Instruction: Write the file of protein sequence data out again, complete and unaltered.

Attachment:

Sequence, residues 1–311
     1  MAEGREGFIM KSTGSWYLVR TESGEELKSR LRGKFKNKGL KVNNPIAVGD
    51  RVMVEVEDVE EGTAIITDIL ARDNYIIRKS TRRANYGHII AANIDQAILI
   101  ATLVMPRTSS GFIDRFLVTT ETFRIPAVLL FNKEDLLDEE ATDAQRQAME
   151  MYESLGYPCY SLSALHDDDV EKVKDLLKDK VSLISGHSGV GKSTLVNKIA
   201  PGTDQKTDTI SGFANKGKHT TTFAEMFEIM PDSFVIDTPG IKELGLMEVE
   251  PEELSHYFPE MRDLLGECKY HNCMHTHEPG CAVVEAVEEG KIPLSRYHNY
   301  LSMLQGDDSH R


Sequence, residues 1–311
     1  MAEGREGFIM KSTGSWYLVR TESGEELKSR LRGKFKNKGL KVNNPIAVGD
    51  RVMVEVEDVE EGTAIITDIL ARDNYIIRKS TRRANYGHII AANIDQAILI
   101  ATLVMPRTSS GFIDRFLVTT ETFRIPAVLL FNKEDLLDEE ATDAQRQAME
   151  MYESLGYPCY SLSALHDDDV EKVKDLLKDK VSLISGHSGV GKSTLVNKIA
   201  PGTDQKTDTI SGFANKGKHT TTFAEMFEIM PDSFVIDTPG IKELGLMEVE
   251  PEELSHYFPE MRDLLGECKY HNCMHTHEPG CAVVEAVEEG KIPLSRYHNY
   301  LSMLQGDDSH R